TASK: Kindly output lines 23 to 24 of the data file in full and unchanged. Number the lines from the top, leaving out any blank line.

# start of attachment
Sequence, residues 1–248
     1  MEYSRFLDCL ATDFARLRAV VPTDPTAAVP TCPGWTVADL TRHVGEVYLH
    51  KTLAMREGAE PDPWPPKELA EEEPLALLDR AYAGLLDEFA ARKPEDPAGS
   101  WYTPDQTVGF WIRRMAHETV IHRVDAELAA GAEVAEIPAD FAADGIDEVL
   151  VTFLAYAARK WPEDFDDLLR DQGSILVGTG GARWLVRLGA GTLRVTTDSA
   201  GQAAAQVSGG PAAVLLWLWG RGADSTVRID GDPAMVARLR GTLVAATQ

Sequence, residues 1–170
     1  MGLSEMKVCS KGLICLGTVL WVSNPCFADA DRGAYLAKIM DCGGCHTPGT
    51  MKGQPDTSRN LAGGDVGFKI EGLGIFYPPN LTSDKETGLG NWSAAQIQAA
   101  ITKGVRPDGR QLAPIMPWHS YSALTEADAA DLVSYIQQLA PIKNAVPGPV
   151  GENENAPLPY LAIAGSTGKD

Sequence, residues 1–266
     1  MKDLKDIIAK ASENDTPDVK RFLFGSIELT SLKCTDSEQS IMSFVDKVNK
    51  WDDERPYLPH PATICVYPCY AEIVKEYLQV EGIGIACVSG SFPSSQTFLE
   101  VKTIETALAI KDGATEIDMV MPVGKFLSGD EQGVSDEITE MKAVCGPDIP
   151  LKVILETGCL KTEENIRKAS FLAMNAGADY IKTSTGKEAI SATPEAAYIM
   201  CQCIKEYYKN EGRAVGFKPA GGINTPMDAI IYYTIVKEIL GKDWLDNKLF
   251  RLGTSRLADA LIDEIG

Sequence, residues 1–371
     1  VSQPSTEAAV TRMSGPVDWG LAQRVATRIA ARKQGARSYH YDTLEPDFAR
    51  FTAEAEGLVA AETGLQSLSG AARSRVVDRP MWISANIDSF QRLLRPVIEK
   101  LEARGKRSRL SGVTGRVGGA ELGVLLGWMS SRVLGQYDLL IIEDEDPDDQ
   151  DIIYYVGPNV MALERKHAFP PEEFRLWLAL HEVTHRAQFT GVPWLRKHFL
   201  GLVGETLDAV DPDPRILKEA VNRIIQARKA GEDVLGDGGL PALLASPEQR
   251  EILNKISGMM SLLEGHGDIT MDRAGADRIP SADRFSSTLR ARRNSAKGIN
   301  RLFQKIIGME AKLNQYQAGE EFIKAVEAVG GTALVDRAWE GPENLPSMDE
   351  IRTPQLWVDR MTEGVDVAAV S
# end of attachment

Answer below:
   151  DIIYYVGPNV MALERKHAFP PEEFRLWLAL HEVTHRAQFT GVPWLRKHFL
   201  GLVGETLDAV DPDPRILKEA VNRIIQARKA GEDVLGDGGL PALLASPEQR